Admittedly, the First Amendment rights of free speech and free association, see, e. g., Elfbrandt v. Russell, 1966, 384 U.S. 11, 86 S.Ct. 1238, 16 L.Ed.2d 321; NAACP v. Alabama, 1958, 357 U.S. 449, 460, 78 S.Ct. 1163, 2 L.Ed.2d 1488, are of such importance that they must prevail if the government's interest in deterring substantive crimes before they take place10 is insubstantial, or there is a "less restrictive alternative" by which the substantive evil may be prevented. United States v. Robel, 1967, 389 U.S. 258, 265-268, 88 S.Ct. 419, 19 L.Ed.2d 508; Aptheker v. Secretary of State, 1964, 378 U.S. 500, 512-514, 84 S.Ct. 1659, 12 L.Ed.2d 992; Shelton v. Tucker, 1960, 364 U.S. 479, 488-489, 81 S.Ct. 247, 5 L.Ed.2d 231. This calls for a weighing. In Aptheker the Court struck down the broad Congressional proscription against issuing passports to Communists only after considering the availability and adequacy of other security measures, one actually proposed by the President. In defendants' much emphasized case of New York Times Co. v. Sullivan, 1964, 376 U.S. 254, 279-283, 84 S.Ct. 710, 11 L.Ed.2d 686, not all public discussion was held protected; immunity was denied speakers motivated by "actual malice."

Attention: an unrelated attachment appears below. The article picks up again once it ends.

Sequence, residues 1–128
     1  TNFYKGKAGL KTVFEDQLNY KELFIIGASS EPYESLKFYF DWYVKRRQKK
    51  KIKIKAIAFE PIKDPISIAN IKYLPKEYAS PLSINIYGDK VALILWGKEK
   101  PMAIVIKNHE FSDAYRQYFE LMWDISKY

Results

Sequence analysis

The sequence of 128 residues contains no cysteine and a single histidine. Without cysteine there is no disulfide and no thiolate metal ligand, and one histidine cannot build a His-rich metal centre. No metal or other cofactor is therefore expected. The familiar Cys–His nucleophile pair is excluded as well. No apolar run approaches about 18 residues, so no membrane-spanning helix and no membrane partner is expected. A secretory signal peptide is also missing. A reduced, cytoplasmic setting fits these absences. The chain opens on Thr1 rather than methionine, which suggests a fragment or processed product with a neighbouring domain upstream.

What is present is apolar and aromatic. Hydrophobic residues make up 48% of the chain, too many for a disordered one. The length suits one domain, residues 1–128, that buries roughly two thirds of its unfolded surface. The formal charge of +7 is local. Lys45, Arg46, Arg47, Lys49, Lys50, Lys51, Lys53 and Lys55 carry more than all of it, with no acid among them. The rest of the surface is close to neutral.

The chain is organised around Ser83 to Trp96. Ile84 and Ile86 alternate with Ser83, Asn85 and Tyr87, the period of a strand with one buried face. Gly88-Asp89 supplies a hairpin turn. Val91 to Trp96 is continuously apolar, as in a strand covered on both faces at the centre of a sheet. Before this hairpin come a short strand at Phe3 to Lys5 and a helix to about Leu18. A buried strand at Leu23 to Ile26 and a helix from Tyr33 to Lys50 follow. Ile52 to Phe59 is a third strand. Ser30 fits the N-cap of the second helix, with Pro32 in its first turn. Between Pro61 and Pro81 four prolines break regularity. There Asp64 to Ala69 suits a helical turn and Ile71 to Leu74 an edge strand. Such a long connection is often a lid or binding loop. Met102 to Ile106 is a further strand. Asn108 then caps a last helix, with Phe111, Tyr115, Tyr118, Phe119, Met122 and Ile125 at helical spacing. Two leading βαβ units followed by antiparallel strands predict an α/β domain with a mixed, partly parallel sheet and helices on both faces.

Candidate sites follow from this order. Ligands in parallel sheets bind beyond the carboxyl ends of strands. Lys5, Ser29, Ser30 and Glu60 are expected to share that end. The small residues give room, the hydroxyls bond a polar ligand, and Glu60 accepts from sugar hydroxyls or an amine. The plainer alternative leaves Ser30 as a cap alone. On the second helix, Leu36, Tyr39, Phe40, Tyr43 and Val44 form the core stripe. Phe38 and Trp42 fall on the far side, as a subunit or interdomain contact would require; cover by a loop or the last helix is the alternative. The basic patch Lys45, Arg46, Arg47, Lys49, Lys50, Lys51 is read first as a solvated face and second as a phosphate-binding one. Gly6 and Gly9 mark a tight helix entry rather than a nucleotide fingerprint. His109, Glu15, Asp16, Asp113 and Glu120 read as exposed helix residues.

In comparing the present private and public interests we start with the assumption that the defendants were not to be prevented from vigorous criticism of the government's program merely because the natural...

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162 practice notes
  • US v. Lov-It Creamery, Inc., No. 88-CR-93.
    • United States
    • United States District Courts. 7th Circuit. United States District Court of Eastern District of Wisconsin
    • January 18, 1989
    ...separate counts involved surely can be prejudicial. United States v. Bullock, 451 F.2d 884, 888 (5th Cir.1971); United States v. Spock, 416 F.2d 165 (1st Cir.1969); United States v. Bufalino, 285 F.2d 408 (2nd Cir.1960). However, if the language in the indictment is information which the go......
  • United States v. Larson, No. 07–CR–304S.
    • United States